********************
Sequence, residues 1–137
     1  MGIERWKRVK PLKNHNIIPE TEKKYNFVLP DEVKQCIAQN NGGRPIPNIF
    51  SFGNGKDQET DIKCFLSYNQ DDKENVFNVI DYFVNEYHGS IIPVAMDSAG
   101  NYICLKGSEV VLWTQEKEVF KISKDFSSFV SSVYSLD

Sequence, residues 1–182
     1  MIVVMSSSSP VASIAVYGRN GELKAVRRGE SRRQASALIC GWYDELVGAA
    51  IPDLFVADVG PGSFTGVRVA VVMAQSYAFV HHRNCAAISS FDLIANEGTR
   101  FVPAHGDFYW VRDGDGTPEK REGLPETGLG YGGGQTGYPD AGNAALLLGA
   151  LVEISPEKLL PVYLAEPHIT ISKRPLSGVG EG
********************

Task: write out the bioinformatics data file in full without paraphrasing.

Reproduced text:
Sequence, residues 1–137
     1  MGIERWKRVK PLKNHNIIPE TEKKYNFVLP DEVKQCIAQN NGGRPIPNIF
    51  SFGNGKDQET DIKCFLSYNQ DDKENVFNVI DYFVNEYHGS IIPVAMDSAG
   101  NYICLKGSEV VLWTQEKEVF KISKDFSSFV SSVYSLD

Sequence, residues 1–182
     1  MIVVMSSSSP VASIAVYGRN GELKAVRRGE SRRQASALIC GWYDELVGAA
    51  IPDLFVADVG PGSFTGVRVA VVMAQSYAFV HHRNCAAISS FDLIANEGTR
   101  FVPAHGDFYW VRDGDGTPEK REGLPETGLG YGGGQTGYPD AGNAALLLGA
   151  LVEISPEKLL PVYLAEPHIT ISKRPLSGVG EG